03 Aug How to Make Your Money Greener
Capitalism worldwide is becoming more conscious of a healthy and sustainable future. Global leaders realize there will be no jobs on a dead planet. Consumers are now much more careful about how they use their hard-earned money and how those funds degrade or improve the health of the planet. And now, the financial industry is changing its behavior because of it.
The social, environmental, and economic uncertainty around the globe has caused many of us to be more aware of the financial decisions we make and how they impact our world.
What about the money we aren’t spending? The money that sits in our bank account.
Banks use deposits to make loans to other businesses. In some cases, these businesses receiving your money are making our future less sustainable. Educating yourself on how your money is being allocated is the first step towards conscious capitalism.
According to the Partnership for Carbon Accounting Financial, a group that assesses greenhouse gas emissions associated with loans and investment, “Banks have invested an average of roughly $2.4 billion per day in fossil fuel companies since the Paris Agreement was signed in 2015.”
Between 2016 and 2018 J.P. Morgan Chase provided $196 billion in financing for coal, oil, natural gas, and pipeline projects. JPMorgan was the top financier of oil and gas drilling in the Arctic and tar sands extraction in Canada during the same period, the Washington Post reported.
While Black Rock isn’t a personal bank, it is one of the largest financial institutions in the world, managing $7.4 trillion. Larry Fink, the company’s CEO has recognized that their recent step in their sustainable transition was driven by workers and consumers who were worried about ethics and how climate change is making traditional investments less valuable. The firm lost an estimated $90 billion over the last decade from its investments in fossil-fuel companies like Chevron, ExxonMobil, and Shell. Our financial institutions that we rely on to manage our money must do so in a way that is in line with our values.
“I had a lightbulb moment myself thinking, wait a second, I recycle, I work for an environmental nonprofit, I do all these things,” says Kate Williams, CEO of 1% for the Planet. “But in a way, is the biggest way that I can drive impact through what’s happening with the dollars I have in my bank account or retirement account?”
Although no bank is doing it perfectly, some are leading the charge towards conscious capitalism because of customers pushing them to be more responsible.
Executive Director of Earth Day Initiative John Oppermann suggests starting your search with local community credit unions. Generally, they have better sustainability records and are more focused on your community.
There are also larger banks making meaningful changes.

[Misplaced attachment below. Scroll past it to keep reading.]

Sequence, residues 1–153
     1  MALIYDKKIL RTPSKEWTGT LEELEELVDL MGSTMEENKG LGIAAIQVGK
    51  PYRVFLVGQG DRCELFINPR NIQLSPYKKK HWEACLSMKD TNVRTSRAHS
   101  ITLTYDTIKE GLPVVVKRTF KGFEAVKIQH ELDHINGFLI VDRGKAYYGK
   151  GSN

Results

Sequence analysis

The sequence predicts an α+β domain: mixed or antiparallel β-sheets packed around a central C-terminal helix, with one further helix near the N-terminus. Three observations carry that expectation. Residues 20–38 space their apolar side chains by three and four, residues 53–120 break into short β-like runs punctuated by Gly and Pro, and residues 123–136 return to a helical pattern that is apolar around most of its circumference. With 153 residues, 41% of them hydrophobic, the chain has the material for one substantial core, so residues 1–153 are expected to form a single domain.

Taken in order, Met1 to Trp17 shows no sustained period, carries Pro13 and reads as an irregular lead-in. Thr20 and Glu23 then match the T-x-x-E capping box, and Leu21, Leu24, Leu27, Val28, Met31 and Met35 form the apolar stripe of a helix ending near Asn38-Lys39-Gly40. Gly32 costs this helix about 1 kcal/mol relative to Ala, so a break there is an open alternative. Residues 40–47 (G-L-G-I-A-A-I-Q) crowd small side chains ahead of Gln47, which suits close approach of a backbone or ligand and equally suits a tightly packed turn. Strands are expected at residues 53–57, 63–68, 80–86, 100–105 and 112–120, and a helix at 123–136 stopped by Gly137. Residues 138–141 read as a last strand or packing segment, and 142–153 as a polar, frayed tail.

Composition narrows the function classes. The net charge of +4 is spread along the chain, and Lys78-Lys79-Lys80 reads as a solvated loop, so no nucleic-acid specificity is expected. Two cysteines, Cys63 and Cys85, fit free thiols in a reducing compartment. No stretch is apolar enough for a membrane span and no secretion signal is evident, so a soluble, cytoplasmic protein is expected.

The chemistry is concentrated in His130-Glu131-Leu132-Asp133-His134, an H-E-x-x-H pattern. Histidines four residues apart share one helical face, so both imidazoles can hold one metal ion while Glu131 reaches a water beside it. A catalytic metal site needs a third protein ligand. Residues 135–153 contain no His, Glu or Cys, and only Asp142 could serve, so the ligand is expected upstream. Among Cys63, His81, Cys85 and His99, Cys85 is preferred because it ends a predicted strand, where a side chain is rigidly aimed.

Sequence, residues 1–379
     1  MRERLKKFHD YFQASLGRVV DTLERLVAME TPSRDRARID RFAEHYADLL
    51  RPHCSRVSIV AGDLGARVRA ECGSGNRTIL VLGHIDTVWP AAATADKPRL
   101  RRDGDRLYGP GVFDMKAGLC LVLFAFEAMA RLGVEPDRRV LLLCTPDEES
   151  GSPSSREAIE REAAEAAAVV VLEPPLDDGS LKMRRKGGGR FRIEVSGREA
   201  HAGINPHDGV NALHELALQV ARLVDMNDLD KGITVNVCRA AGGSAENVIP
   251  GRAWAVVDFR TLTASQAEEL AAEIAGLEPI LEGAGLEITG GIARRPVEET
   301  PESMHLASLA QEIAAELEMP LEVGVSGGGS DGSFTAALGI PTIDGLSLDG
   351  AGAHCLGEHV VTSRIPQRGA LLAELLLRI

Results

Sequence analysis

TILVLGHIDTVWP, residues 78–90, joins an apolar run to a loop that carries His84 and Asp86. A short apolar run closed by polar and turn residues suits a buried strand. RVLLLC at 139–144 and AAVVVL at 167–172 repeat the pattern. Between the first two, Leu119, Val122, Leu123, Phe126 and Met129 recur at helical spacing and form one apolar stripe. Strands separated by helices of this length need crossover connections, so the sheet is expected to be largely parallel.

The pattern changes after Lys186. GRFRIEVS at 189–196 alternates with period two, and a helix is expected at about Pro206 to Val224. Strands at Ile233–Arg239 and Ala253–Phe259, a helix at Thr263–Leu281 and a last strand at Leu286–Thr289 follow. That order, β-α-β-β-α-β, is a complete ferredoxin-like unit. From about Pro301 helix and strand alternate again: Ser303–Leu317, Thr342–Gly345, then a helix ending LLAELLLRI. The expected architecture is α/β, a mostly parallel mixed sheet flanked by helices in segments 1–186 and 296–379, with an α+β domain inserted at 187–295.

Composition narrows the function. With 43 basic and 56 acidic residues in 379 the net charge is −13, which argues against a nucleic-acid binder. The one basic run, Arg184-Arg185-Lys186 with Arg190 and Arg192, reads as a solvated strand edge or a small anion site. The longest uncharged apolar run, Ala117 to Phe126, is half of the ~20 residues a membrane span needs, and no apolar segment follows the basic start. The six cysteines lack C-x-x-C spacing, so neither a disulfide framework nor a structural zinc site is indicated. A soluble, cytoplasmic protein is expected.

Banks Putting Your Money Where Their Mouth Is
As a Certified B Corp and 1% for the Planet member, “Aspiration offers socially-conscious and sustainable cash management services and investment products, so you can make money while making the world a better place. And, unlike the Big Banks, they don’t use your deposits to fund oil pipelines or turn your fees into campaign contributions to the politicians that work against you.”
One of their features is Aspiration Impact Measurement, which analyzes data points to create scores for companies based on their sustainability records and their reputations for how they treat their employees. Aspiration customers can use this to decide whether they want to shop at CVS or Walgreens, among many other retailers.
You can also opt into programs that will automatically round up to the nearest dollar to plant a tree every time you make a purchase or to automatically buy carbon offsets on your behalf, calculated from an estimate for how much you drive based on the gas you purchase with your debit card.
Bank of the West
Bank of the West launched a 1% for the Planet checking account. One percent of the revenue the bank makes from each account will be donated to environmental causes at no cost to the account holder. They also have a carbon offset tool that estimates the carbon output of every purchase.
Bank of the West has documented sustainability policies that rule how it lends your money: it won’t fund Arctic drilling, irresponsible palm oil production, coal-fired plants that aren’t working to transition, fracking, shale, and tar sands mining, tobacco, or unsustainable wood pulp production. It has committed to divest from thermal coal by 2040 and hasn’t funded new coal projects since 2017.
Amalgamated Bank is a member of the Global Alliance for Banking on Values and a Certified B Corp. They are committed to making the banking industry more socially and environmentally sustainable. Amalgamated also signed the Divest-Invest Pledge.
The pledge promises to make no new loans to the top 200 fossil fuel companies, exit any existing investments within five years, and contribute to climate solutions. Amalgamated Bank brought North American banks on board with the Partnership for Carbon Accounting Financials, a global effort for transparency in the financial sector. Since then, Morgan Stanley and Bank of America have joined the cause.
Managing your money in a more ethical, holistic way will help rid the world of social, environmental, and economic injustice. They are problems we face together but can solve as a collective.
Vote with your dollar when you spend and when you save.